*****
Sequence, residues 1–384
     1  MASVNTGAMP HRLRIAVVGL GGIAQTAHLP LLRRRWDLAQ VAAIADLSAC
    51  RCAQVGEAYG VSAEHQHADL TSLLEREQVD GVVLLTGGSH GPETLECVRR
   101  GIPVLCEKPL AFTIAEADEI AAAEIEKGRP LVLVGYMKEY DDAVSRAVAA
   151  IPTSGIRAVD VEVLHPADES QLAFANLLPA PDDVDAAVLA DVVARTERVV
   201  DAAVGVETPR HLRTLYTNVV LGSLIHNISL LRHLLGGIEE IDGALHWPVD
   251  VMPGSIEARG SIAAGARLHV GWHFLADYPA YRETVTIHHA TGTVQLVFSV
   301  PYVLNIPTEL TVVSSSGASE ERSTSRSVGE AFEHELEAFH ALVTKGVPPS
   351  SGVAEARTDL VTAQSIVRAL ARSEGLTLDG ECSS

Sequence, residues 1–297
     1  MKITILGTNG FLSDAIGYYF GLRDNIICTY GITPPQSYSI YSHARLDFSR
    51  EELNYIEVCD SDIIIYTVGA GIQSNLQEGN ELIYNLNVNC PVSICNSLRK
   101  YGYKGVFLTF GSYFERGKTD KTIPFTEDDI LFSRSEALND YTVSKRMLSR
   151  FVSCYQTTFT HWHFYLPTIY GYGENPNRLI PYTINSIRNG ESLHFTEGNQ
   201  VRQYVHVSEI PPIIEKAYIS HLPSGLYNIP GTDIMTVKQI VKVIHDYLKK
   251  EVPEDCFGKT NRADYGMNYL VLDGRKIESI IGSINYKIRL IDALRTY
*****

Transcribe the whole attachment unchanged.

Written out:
Sequence, residues 1–384
     1  MASVNTGAMP HRLRIAVVGL GGIAQTAHLP LLRRRWDLAQ VAAIADLSAC
    51  RCAQVGEAYG VSAEHQHADL TSLLEREQVD GVVLLTGGSH GPETLECVRR
   101  GIPVLCEKPL AFTIAEADEI AAAEIEKGRP LVLVGYMKEY DDAVSRAVAA
   151  IPTSGIRAVD VEVLHPADES QLAFANLLPA PDDVDAAVLA DVVARTERVV
   201  DAAVGVETPR HLRTLYTNVV LGSLIHNISL LRHLLGGIEE IDGALHWPVD
   251  VMPGSIEARG SIAAGARLHV GWHFLADYPA YRETVTIHHA TGTVQLVFSV
   301  PYVLNIPTEL TVVSSSGASE ERSTSRSVGE AFEHELEAFH ALVTKGVPPS
   351  SGVAEARTDL VTAQSIVRAL ARSEGLTLDG ECSS

Sequence, residues 1–297
     1  MKITILGTNG FLSDAIGYYF GLRDNIICTY GITPPQSYSI YSHARLDFSR
    51  EELNYIEVCD SDIIIYTVGA GIQSNLQEGN ELIYNLNVNC PVSICNSLRK
   101  YGYKGVFLTF GSYFERGKTD KTIPFTEDDI LFSRSEALND YTVSKRMLSR
   151  FVSCYQTTFT HWHFYLPTIY GYGENPNRLI PYTINSIRNG ESLHFTEGNQ
   201  VRQYVHVSEI PPIIEKAYIS HLPSGLYNIP GTDIMTVKQI VKVIHDYLKK
   251  EVPEDCFGKT NRADYGMNYL VLDGRKIESI IGSINYKIRL IDALRTY